Third Set of Winners for Knowledge Campaign 
Crops' Genetic Diversity Stored in "Doomsday Vault" 
Arab Region Initiates Response to the Nagoya Outcomes 
Action Against Hunger Honors FAO Chief 
Global Rice Experts Attend 3rd International Rice Congress in Hanoi 

Disease Resistant and Biofortified Cassava Varieties Developed 
Africa Shares Policy and Public Acceptance Initiatives for Agricultural Biotechnology 

KSU Research Team Get Patent for GE Method to Control Nematodes 
USDA Grants Protection to 15 New Plant Varieties 
Engineered Plants Make Potential Precursors to Raw Material for Plastics 
Danforth Plant Science Center Announces Next President 
Midwest Elevators Offer Growers Premiums for Pioneer® brand Low Linolenic Soybeans 

Asia and the Pacific
Philippine State University Offers Undergraduate Course on Agricultural Biotechnology 
Biotechnology in South and Sub-Saharan Africa Shared by Prominent African Scientist 
Bangladesh Minister Urges Promotion of Modern Science 
Vietnam Encourages Private Investment in Agriculture 
Vietnamese Prime Minister Supports Global Rice Sufficiency Initiatives 
Libraries and Internet for Agri-biotech Communication in Vietnam 

Return of a Scottish Hero 
Federal Government Strengthens the Bio-based Economy 
Robust Methods for GMO Detection Ready at Hand 

Effect of High Temperature and Water Stress on Pollen Germination and Spikelet Fertility in Rice 
Sterile Moths Wipe Out Pink Bollworms in Arizona 
Scientists Introduce Gene for Polyamine Accumulation to Produce Drought Tolerant Cotton Varieties 

ASEBIO/Genome Award on Spain Biotechnology Communication and Outreach 
USDA Biotechnology Regulatory Stakeholder Meeting 

Engineered Plants Make Potential Precursors to Raw Material for Plastics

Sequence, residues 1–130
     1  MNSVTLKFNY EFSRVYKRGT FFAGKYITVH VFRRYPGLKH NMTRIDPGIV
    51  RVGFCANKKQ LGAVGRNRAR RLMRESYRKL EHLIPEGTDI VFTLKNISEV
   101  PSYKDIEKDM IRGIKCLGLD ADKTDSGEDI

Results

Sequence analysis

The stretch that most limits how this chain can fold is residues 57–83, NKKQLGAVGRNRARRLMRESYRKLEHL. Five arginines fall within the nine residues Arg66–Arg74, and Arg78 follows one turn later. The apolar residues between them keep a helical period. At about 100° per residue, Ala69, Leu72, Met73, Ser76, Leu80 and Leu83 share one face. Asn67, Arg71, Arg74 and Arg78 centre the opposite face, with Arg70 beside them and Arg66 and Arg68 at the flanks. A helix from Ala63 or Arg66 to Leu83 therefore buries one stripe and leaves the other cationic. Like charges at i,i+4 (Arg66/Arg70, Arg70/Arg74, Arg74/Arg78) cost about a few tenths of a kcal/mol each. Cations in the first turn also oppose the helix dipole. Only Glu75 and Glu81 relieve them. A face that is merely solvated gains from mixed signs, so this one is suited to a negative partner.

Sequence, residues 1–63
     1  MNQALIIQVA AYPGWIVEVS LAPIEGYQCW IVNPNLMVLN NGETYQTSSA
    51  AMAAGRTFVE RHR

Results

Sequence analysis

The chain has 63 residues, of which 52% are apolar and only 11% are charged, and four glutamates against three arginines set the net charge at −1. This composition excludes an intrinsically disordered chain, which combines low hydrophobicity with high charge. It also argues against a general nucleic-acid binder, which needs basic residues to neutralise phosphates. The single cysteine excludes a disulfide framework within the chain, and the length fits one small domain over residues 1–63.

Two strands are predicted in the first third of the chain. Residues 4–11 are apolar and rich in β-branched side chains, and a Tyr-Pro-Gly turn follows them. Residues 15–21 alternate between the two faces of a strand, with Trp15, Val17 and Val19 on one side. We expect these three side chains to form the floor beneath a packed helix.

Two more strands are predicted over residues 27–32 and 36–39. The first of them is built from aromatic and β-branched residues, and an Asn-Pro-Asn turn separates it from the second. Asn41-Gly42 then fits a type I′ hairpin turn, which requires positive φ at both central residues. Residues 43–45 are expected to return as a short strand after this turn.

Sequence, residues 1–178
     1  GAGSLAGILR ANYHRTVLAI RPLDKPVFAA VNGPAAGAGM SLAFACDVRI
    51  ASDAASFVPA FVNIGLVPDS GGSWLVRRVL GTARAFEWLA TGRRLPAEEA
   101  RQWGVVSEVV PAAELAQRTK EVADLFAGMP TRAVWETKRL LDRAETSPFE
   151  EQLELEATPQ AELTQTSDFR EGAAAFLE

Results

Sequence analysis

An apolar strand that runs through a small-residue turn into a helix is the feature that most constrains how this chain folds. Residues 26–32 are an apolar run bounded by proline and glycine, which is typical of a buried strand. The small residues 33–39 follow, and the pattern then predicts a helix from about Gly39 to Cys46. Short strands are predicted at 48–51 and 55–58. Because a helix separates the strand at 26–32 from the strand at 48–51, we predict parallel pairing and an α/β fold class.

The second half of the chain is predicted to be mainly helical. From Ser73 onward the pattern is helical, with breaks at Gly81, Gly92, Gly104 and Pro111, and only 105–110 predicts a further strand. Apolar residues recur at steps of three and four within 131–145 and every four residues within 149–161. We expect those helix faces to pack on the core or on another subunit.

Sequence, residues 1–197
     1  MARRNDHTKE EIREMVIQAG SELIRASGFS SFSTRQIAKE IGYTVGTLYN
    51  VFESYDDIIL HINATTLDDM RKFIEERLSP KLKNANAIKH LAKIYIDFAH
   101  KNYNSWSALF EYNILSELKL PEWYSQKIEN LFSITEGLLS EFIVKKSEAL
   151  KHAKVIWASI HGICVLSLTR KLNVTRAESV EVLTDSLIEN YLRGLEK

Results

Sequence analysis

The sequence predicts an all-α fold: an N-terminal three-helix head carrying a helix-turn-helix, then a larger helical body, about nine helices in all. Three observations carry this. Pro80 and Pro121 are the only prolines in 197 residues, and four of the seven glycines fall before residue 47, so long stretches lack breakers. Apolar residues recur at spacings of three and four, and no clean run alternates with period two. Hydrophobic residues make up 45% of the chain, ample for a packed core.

"We've engineered a new metabolic pathway in plants for producing a kind of fatty acid that could be used as a source of precursors to chemical building blocks for making plastics such as polyethylene," said Brookhaven biochemist John Shanklin of the U.S. Department of Energy in collaboration with Dow AgroSciences.

The report published in the online edition of Plant Physiology describes how in many series of metabolic pathway experiments and search of a model gene receiving plant, the scientists were able to produce the desired omega-7 fatty acid at 71 percent level in the best expressing Arabidopsis line. In summary, the researchers "down-regulated" genes that compete for the introduced enzyme's fatty acid substrate and also introduced desaturases capable of intercepting substrate that had escaped the first desaturase enzyme as it progressed through the oil-accumulation pathway, the news article said.

For more information on the report see


This article is part of the Crop Biotech Update, a weekly summary of world developments in agri-biotech for developing countries, produced by the Global Knowledge Center on Crop Biotechnology, International Service for the Aquisition of Agri-Biotech Applications SEAsiaCenter (ISAAA)

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